IDF fires on Gazans it says were planting a bomb along border; 1 reported killed
Soldiers open fire on Palestinians who try to collect body

IDF fires on Gazans it says were planting a bomb along border; 1 reported killed

Border clash comes amid reports of ongoing efforts to broker a ceasefire between Israel and terror groups in the Strip

Judah Ari Gross is The Times of Israel's military correspondent.

Israeli troops opened fire at two members of the Palestinian Islamic Jihad terror group planting a bomb along the security fence surrounding the Gaza Strip early Sunday morning, the military said, with Palestinian media reporting that at least one of the men was killed.

According to the Israel Defense Forces, the two were seen approaching the border east of the city of Khan Younis and planting the improvised explosive device along the fence. The military released surveillance camera footage showing the men placing an object next to the fence.

“The troops, who deployed at that location following the detection, opened fire at them,” the military said.

The IDF said a “hit was confirmed,” but refused to comment on the extent of the casualties.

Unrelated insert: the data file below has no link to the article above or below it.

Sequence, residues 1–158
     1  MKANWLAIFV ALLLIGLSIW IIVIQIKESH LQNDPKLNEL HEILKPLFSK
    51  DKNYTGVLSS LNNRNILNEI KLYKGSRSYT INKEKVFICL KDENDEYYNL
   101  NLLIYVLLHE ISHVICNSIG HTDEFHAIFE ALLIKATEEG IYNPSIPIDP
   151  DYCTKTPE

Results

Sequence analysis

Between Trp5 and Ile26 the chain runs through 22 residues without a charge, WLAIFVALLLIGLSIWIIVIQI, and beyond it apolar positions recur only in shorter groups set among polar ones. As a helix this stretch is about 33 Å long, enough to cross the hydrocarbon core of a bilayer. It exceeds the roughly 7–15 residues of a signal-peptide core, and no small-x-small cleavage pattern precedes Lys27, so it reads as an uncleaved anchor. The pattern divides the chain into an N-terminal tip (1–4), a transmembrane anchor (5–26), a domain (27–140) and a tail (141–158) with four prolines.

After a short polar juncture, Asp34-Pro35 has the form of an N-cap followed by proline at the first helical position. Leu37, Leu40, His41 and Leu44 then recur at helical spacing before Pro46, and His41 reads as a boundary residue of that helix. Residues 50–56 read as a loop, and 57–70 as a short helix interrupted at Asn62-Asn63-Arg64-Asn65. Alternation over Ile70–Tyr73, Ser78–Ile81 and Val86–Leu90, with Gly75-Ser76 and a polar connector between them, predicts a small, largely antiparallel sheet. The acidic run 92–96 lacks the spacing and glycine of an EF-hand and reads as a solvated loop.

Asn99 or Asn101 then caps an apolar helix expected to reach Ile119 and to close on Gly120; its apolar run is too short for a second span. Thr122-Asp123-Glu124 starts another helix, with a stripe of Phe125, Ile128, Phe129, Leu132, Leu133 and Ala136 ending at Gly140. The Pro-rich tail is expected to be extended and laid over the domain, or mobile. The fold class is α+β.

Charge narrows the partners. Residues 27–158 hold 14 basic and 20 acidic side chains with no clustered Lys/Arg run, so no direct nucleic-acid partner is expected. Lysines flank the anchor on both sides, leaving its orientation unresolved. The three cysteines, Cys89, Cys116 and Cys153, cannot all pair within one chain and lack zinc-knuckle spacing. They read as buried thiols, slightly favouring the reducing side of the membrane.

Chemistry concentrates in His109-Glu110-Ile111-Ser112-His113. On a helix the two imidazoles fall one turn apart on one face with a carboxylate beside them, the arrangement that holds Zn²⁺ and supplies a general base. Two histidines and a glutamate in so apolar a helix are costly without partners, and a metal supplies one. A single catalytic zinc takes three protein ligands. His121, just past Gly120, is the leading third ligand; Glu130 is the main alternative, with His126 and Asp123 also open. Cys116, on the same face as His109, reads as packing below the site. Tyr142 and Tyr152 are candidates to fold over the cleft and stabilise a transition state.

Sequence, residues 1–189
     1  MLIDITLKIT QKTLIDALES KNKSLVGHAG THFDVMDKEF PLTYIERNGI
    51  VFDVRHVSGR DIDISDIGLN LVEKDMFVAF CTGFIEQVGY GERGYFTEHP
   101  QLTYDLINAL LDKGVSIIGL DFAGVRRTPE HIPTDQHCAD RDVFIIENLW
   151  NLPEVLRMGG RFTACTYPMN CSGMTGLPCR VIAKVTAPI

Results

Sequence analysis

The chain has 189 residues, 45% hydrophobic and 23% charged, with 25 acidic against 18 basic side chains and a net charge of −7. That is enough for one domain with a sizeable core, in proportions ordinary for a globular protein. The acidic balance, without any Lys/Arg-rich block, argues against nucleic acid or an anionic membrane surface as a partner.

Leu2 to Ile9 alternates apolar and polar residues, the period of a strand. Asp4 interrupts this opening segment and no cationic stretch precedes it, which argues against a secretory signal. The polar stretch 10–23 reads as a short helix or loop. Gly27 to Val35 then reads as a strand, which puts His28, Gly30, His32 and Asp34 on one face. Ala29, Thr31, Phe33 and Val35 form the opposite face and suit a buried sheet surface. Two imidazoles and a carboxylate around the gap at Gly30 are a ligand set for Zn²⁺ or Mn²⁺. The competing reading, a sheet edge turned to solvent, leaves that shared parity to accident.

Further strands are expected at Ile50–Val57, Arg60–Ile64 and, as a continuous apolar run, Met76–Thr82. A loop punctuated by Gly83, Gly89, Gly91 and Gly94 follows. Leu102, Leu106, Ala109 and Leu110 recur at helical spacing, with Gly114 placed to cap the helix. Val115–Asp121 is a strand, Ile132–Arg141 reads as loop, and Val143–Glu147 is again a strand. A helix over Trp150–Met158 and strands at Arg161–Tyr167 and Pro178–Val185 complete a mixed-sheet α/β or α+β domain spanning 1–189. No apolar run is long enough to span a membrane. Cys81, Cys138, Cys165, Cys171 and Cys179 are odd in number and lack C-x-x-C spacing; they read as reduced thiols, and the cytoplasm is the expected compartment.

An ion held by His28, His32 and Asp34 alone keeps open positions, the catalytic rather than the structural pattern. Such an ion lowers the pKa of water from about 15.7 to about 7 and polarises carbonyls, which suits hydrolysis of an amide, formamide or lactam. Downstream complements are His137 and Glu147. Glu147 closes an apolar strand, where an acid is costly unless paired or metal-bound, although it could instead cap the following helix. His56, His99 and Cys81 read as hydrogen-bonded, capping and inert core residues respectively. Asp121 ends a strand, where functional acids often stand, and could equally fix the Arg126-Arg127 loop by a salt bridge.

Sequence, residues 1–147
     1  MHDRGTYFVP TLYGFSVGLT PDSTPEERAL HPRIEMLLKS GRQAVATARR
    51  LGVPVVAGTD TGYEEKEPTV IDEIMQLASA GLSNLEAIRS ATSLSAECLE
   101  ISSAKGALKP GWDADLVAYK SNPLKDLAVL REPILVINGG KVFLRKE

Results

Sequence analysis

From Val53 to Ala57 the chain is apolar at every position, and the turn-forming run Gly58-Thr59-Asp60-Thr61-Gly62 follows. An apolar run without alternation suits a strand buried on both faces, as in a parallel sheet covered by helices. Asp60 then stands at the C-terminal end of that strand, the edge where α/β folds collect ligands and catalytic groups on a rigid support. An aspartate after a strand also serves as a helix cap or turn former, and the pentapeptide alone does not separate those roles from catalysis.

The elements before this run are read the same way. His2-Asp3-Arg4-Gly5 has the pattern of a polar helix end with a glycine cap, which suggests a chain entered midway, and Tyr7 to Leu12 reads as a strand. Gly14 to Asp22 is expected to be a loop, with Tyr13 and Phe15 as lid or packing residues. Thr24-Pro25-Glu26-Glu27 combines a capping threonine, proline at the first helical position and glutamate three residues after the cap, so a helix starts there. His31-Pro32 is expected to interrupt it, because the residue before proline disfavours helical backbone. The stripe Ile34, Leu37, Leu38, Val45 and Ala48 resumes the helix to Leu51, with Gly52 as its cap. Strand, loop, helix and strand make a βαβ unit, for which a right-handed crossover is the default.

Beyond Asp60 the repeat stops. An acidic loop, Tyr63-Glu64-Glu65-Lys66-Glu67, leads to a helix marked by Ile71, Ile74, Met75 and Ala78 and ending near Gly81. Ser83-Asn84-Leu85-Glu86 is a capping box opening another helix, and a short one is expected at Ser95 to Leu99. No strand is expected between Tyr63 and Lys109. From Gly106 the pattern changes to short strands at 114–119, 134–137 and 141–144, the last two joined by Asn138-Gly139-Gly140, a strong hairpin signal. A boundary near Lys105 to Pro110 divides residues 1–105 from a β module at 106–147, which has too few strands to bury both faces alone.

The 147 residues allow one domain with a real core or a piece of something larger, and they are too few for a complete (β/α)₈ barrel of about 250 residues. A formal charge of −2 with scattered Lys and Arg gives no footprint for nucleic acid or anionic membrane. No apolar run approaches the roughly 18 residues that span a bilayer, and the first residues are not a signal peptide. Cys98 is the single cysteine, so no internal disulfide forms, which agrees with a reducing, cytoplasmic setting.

A bomb that the military says was planted by the Palestinian Islamic Jihad along the Gaza border on February 23, 2020. (Israel Defense Forces)

Palestinian media initially reported that the two men were killed by the Israeli gunfire, but later said that only one had died, while the other was critically wounded.

The military later said the men were part of an Islamic Jihad cell that had planted at least two other explosive devices along the border in recent months.

The Palestinian Islamic Jihad’s military wing, the al-Quds Brigades, acknowledged that one of them was a member of the organization, identifying him as Muhammad al-Na’im, 27. The al-Quds Brigades did not specify if the second man was a member of the terror group.

An undated photograph of Muhammad al-Na’im, a member of the Palestinian Islamic Jihad terror group, who was killed by the IDF as he reportedly planted a bomb along the Gaza border on February 23, 2020. (Palestinian Islamic Jihad)

Shortly after the exchange, a second clash broke out as the Israeli military sent an armored bulldozer through the security fence, apparently in order to retrieve the body of the Palestinian man, according to graphic video footage shared on Palestinian social media.

A group of Palestinians, who were also reportedly trying to retrieve the body, threw rocks at the approaching bulldozer. At least two of those men were shot by Israeli troops. According to the Hamas-run Gaza health ministry, they sustained injuries to their legs.

The Hamas and PIJ terror groups denounced Israel for retrieving the body.

Islamic Jihad threatened that “the blood of martyrs will not be in vain.”

Hamas spokesman Fawzi Barhoum said the “maltreatment” of Na’im’s corpse was “another heinous crime that has been added to its record of awful crimes at the expense of our Palestinian people.”